Business and Public Management Center
50 Sharpless Street
West Chester, PA 19383
Name: Kathy Koval
Position: Assistant Dean, Director of Business and Public Management Programs
Name: Cindy Cheyney
Position: Assistant Dean
Name: Laurie Christie
Position: Administrative Assistant to the Dean
Name: Danah Allen
Position: Communications and Impact Coordinator
Name: Paige Carey
Why did you choose WCU and/or CBPM?
"I majored in accounting for my undergraduate and got into finance management after I graduated from college. I then realized that leadership and management skills were necessary for me to move on to the next level of influence in the corporate world. I actually started my MBA at Villanova. I was a working mother of two living in West Chester, so it was difficult for me to commute two nights a week to Villanova. At that time, West Chester had just started their MBA program. So, I decided to join, and I was one of the inaugural classes of that program."
How has the quality of education you received from WCU prepared you for life after graduation?
"Like any pursuit of education, you get out what you put in. When I went to WCU, I was already in the business world for several years and could recognize and relate to what most of the professors were teaching. Remember, those were the early days of WCU's MBA program, so we were suffering some growing pains. But, I think the first group of students and the program helped each other become better.
I think getting my MBA while working full-time helped in showing my tenacity and demonstrated my commitment to better myself. The education that I received at West Chester University as an MBA student was solid and facilitated my continuing growth as a professional. People who did not know West Chester University back in 1989 do not know the kind of progress that it has made as an educational institution. That gives me so much pride in being associated with this organization."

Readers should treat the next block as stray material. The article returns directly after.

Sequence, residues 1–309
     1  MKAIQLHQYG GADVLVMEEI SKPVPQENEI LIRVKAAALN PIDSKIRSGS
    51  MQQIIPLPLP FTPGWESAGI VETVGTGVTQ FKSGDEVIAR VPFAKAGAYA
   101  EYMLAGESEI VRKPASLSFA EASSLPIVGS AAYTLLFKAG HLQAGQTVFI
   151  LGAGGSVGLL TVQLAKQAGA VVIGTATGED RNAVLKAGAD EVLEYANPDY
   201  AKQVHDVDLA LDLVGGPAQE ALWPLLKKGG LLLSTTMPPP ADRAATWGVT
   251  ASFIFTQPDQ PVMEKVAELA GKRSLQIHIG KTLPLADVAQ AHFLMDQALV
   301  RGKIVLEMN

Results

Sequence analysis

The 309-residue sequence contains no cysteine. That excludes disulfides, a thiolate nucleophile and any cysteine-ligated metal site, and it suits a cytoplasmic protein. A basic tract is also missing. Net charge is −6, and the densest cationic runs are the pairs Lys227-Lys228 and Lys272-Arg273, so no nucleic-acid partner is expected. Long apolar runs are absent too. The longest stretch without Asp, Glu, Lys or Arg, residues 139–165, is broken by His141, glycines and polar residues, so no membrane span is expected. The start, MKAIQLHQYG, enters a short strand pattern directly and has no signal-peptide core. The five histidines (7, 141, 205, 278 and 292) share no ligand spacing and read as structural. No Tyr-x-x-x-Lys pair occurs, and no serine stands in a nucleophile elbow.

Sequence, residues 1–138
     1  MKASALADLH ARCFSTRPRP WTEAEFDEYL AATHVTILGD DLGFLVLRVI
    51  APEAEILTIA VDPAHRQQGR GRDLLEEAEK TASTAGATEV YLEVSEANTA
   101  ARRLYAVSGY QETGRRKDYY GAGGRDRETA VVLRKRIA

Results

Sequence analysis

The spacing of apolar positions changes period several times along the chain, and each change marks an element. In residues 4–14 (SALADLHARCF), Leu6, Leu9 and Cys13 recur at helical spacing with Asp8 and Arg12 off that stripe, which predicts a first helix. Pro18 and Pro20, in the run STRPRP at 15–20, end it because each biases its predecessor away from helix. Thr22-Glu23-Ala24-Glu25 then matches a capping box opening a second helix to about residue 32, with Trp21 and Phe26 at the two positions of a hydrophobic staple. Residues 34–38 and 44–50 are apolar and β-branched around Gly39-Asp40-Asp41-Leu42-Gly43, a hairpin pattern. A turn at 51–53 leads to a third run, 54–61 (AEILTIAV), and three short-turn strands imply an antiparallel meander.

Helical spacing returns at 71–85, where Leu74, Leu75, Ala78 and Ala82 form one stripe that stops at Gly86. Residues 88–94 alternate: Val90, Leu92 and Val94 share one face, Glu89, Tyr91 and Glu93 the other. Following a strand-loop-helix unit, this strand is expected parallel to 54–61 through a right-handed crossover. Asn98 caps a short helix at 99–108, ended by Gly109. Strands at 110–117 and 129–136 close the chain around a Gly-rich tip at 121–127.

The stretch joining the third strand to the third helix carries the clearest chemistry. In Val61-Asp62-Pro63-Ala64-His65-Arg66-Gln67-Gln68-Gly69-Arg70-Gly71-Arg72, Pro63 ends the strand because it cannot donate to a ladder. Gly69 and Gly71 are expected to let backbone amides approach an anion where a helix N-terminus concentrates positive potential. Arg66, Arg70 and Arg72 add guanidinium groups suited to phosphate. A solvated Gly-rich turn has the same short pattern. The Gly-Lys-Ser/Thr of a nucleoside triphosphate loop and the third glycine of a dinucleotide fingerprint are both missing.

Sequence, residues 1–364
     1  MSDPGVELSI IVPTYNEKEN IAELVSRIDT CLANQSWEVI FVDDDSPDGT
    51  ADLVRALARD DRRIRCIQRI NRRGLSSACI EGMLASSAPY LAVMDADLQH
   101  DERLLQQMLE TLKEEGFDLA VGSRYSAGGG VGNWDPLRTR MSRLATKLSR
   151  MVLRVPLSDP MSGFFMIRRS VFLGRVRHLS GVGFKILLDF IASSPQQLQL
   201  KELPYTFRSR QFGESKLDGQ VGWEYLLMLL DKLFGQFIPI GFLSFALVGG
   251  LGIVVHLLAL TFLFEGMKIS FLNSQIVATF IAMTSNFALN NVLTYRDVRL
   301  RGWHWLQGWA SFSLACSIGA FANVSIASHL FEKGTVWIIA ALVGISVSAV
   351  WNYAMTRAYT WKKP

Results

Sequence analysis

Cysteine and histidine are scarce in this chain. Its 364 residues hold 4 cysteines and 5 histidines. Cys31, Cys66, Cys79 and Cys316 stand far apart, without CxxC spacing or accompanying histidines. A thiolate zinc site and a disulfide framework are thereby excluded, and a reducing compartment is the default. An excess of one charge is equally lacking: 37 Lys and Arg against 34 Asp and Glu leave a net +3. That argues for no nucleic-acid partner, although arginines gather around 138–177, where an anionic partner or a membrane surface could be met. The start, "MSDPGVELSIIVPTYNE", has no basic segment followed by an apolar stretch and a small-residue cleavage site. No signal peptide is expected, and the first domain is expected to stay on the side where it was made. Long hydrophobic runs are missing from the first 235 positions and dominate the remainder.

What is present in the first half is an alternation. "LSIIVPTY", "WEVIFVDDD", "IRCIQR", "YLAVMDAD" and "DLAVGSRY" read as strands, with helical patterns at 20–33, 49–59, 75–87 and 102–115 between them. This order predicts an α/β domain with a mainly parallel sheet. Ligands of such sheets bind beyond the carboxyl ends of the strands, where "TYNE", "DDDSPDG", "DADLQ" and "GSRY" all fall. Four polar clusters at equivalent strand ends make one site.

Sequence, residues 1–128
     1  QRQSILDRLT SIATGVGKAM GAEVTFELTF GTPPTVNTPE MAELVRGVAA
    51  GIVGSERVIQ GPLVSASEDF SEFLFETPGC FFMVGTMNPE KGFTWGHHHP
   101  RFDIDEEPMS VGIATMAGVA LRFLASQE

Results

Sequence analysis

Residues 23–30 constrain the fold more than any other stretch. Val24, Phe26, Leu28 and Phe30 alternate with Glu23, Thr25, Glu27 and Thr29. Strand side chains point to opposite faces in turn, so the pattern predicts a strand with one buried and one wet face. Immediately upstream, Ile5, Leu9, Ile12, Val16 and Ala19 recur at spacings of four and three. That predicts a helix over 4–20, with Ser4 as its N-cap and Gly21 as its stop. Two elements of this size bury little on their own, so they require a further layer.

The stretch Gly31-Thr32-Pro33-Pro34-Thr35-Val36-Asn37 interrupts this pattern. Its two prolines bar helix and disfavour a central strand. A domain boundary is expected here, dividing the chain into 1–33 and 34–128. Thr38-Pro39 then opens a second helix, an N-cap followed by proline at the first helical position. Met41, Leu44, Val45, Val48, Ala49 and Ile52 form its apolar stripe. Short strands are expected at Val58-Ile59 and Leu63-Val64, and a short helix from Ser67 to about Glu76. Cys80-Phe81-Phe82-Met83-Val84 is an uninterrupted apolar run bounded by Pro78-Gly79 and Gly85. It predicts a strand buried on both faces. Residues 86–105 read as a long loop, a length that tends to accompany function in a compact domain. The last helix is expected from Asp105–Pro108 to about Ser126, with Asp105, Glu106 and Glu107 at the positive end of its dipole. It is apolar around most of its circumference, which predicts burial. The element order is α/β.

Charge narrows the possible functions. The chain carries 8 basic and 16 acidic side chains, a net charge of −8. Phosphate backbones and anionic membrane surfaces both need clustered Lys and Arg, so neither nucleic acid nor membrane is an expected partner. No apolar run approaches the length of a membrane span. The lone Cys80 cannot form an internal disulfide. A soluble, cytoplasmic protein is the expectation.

Tell me about the new business you have started.
"I have started a coaching and HR consulting business. I retired from the corporate world four years ago. I was lucky enough to hold several executive level positions later in my career. For over thirty years, I made a difference in the corporate world. I felt it was time for me to make a difference in the community and the world on a one-on-one basis. I decided that the best way for me to positively influence someone is by becoming a coach and a consultant. The goal is to help others achieve their professional and personal goals. I am in the early stage of establishing my business. I'm receiving formal training to become a licensed coach. I intend to consult entrepreneurial businesses with 50 to 500 employees on strategic human resources management. I will be helping these businesses to use their employees as a strategic advantage in the early stage of their corporate life cycle. Companies like Starbucks, Amazon, and Netflix all started with only a few people. But, they grew very quickly. The strength of their employees is the key to their long-term success."
What is a typical day like for you?
"It is important to nourish the whole person. I always start my morning with exercise and meditation. That's to ground me for the day. Then, I move on to working on various activities associated with my new business. It means a lot of meetings with people who are already in the field who can validate my concept and give me feedback. I also take a lot of training classes to gain skills and knowledge necessary to be successful. I basically spend most of my day trying to better myself physically, intellectually, and mentally."
What advice would you give to someone who would like to enter your field?